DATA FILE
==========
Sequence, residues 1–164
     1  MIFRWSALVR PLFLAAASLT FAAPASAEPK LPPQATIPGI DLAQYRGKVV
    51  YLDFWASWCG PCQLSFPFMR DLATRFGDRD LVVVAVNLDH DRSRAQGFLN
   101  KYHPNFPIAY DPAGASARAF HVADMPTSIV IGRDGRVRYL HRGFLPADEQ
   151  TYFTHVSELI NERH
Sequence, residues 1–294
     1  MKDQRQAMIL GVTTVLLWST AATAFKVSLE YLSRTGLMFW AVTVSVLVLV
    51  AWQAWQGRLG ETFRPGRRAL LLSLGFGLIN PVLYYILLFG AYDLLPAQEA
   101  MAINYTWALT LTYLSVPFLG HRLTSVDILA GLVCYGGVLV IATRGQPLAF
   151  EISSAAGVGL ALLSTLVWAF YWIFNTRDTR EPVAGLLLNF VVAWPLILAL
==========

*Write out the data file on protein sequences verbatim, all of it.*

Sequence, residues 1–164
     1  MIFRWSALVR PLFLAAASLT FAAPASAEPK LPPQATIPGI DLAQYRGKVV
    51  YLDFWASWCG PCQLSFPFMR DLATRFGDRD LVVVAVNLDH DRSRAQGFLN
   101  KYHPNFPIAY DPAGASARAF HVADMPTSIV IGRDGRVRYL HRGFLPADEQ
   151  TYFTHVSELI NERH
Sequence, residues 1–294
     1  MKDQRQAMIL GVTTVLLWST AATAFKVSLE YLSRTGLMFW AVTVSVLVLV
    51  AWQAWQGRLG ETFRPGRRAL LLSLGFGLIN PVLYYILLFG AYDLLPAQEA
   101  MAINYTWALT LTYLSVPFLG HRLTSVDILA GLVCYGGVLV IATRGQPLAF
   151  EISSAAGVGL ALLSTLVWAF YWIFNTRDTR EPVAGLLLNF VVAWPLILAL